Although in the strictest sense, the term "four-wheel drive" refers to a capability that a vehicle may have, it is also used to denote the entire vehicle itself. In Australia, vehicles without significant off-road capabilities are often referred to as All-Wheel Drives (AWD) or SUVs, while those with off-road capabilities are referred to as "four-wheel drives". This term is sometimes also used in North America, somewhat interchangeably for SUVs and pickup trucks and is sometimes erroneously applied to two-wheel-drive variants of these vehicles.

The term 4x4 (read: four by four) was in use to describe North American military four-wheel-drive vehicles by 1940, with the first number indicating the total number of wheels on a vehicle and the second indicating the number of driven wheels. The term 4x4 is common in North America, and is generally used when marketing a new or used vehicle, and is sometimes applied as badging on a vehicle equipped with four-wheel drive. Similarly, a 4x2 would be appropriate for most two-wheel-drive vehicles, and is often used to describe them as a two-wheel drive. In Australia the term is often used to describe a ute that sits very high on its suspension. This is to avoid the confusion that the vehicle might be a 4x4 because it appears to be otherwise suited to off-road applications.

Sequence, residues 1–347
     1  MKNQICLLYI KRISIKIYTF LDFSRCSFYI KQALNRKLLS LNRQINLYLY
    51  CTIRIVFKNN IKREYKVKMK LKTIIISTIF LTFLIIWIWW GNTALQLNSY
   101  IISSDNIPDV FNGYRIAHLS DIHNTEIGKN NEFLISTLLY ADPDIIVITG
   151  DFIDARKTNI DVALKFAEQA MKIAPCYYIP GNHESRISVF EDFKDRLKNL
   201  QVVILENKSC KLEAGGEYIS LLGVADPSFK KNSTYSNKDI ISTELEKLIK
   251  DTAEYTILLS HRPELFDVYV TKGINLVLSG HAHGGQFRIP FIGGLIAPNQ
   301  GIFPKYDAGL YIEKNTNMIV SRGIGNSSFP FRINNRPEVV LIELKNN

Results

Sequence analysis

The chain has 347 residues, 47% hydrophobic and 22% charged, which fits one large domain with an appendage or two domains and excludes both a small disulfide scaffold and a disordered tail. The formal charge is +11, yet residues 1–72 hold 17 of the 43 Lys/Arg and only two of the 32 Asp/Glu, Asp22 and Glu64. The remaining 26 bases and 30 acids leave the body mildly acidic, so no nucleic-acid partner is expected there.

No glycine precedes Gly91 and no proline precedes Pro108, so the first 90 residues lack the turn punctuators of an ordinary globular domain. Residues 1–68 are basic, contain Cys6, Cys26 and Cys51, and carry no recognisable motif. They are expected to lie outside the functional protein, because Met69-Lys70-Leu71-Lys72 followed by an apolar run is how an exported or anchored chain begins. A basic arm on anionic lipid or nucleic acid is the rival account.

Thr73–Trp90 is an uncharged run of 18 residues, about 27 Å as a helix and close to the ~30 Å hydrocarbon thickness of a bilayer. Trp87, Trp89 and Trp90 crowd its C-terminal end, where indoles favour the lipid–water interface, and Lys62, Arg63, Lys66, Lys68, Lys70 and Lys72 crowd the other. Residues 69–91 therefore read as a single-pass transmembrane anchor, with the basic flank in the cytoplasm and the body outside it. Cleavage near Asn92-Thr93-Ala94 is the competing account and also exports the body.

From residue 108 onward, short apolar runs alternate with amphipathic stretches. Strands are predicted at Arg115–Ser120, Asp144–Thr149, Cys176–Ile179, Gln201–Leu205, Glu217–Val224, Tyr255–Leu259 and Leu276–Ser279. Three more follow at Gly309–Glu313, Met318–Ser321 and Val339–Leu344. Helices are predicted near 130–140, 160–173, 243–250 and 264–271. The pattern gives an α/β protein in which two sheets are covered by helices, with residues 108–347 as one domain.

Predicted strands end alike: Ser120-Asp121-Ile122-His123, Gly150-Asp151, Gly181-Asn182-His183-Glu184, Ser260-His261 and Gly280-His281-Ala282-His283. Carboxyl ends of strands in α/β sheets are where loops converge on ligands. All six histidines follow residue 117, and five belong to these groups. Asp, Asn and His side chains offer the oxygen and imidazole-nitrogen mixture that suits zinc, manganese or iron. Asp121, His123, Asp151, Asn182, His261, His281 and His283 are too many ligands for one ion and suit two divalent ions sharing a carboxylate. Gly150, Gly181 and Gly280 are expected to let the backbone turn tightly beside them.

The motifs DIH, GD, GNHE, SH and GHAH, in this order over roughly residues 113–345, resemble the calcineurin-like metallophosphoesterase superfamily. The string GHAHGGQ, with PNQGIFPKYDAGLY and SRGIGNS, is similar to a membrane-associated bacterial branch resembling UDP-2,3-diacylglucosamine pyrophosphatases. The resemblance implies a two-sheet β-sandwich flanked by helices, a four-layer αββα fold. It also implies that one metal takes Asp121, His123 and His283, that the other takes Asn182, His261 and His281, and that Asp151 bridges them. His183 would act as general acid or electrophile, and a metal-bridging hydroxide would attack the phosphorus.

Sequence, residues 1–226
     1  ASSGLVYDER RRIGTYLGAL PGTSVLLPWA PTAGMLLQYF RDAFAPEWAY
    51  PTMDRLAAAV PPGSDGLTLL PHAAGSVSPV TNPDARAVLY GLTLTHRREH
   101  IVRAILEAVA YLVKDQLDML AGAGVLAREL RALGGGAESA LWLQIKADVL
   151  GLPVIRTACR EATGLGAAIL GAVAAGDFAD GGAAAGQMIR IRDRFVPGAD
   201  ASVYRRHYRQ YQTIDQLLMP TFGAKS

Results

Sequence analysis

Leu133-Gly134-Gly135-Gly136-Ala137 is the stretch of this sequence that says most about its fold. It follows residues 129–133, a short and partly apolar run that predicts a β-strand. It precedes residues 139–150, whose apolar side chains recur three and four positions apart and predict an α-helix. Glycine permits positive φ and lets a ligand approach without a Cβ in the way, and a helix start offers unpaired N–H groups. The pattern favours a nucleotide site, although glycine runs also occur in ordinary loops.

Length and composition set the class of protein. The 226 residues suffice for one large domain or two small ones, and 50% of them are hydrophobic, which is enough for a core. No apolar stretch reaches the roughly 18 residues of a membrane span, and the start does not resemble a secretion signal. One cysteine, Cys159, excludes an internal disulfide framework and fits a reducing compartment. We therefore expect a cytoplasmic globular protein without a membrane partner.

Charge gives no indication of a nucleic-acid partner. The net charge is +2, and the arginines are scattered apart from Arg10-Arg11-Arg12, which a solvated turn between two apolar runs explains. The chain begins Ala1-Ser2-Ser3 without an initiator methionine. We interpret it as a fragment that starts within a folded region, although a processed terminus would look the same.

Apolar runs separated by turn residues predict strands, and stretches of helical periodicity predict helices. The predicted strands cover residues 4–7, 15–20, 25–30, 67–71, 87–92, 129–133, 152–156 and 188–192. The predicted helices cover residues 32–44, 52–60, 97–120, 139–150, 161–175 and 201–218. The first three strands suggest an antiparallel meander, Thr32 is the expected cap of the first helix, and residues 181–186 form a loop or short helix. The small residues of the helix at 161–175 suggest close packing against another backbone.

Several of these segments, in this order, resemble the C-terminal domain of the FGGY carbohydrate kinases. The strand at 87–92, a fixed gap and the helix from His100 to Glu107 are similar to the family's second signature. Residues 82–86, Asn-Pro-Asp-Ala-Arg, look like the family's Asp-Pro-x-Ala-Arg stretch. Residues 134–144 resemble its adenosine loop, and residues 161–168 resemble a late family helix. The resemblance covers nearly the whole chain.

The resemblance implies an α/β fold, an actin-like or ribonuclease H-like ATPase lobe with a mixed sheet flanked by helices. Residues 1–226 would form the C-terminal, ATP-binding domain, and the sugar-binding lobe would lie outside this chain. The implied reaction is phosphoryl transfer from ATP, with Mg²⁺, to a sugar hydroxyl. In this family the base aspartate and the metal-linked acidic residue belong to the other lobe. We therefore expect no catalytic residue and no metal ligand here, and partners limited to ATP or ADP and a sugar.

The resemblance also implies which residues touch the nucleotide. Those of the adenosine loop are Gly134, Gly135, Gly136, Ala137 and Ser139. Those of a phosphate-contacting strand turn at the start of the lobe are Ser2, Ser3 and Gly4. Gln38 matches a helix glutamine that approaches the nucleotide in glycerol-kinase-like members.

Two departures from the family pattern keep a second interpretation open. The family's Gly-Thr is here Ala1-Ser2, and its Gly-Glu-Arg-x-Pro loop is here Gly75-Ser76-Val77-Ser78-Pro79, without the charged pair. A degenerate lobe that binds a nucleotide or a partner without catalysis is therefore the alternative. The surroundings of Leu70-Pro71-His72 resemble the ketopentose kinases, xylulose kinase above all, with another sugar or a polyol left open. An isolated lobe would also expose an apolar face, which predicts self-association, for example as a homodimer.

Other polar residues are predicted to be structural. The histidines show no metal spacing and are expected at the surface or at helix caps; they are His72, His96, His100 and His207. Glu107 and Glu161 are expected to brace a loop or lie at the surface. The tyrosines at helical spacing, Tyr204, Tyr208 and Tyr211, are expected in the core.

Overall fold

Large American trucks with dual tires on the rear axles and two driven axles are officially designated as 4x4s, despite having six driven wheels, because the "dual" wheels behave as a single wheel for traction and classification purposes, and are not individually powered. True six-wheel drive vehicles with three powered axles such as the famous "deuce and a half" truck used by the U.S. Army has three axles (two rear, one front), all of them driven. This vehicle is a true 6x6, as is the Pinzgauer, which is popular with defense forces around the globe.

Another related term is 4-wheeler (or four-wheeler). This generally refers to all-terrain vehicles with four wheels, and does not indicate the number of driven wheels; a "four wheeler" may have two or four-wheel drive. (In CB slang, truckers refer to any two-axled vehicle as a "four-wheeler," sometimes in a derogatory sense, as distinguished from an "eighteen-wheeler" or tractor/trailer.)

Unusual four-wheel drive systems